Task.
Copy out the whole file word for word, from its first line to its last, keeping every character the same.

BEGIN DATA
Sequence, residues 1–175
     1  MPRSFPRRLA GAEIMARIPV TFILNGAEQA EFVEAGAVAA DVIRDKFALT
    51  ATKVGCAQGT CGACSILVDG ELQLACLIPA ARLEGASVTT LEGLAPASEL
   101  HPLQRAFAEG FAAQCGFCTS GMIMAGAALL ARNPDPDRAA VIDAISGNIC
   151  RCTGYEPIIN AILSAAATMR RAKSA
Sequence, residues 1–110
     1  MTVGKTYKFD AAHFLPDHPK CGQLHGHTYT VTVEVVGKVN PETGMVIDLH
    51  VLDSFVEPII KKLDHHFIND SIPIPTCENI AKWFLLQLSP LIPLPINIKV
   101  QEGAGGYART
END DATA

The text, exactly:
Sequence, residues 1–175
     1  MPRSFPRRLA GAEIMARIPV TFILNGAEQA EFVEAGAVAA DVIRDKFALT
    51  ATKVGCAQGT CGACSILVDG ELQLACLIPA ARLEGASVTT LEGLAPASEL
   101  HPLQRAFAEG FAAQCGFCTS GMIMAGAALL ARNPDPDRAA VIDAISGNIC
   151  RCTGYEPIIN AILSAAATMR RAKSA
Sequence, residues 1–110
     1  MTVGKTYKFD AAHFLPDHPK CGQLHGHTYT VTVEVVGKVN PETGMVIDLH
    51  VLDSFVEPII KKLDHHFIND SIPIPTCENI AKWFLLQLSP LIPLPINIKV
   101  QEGAGGYART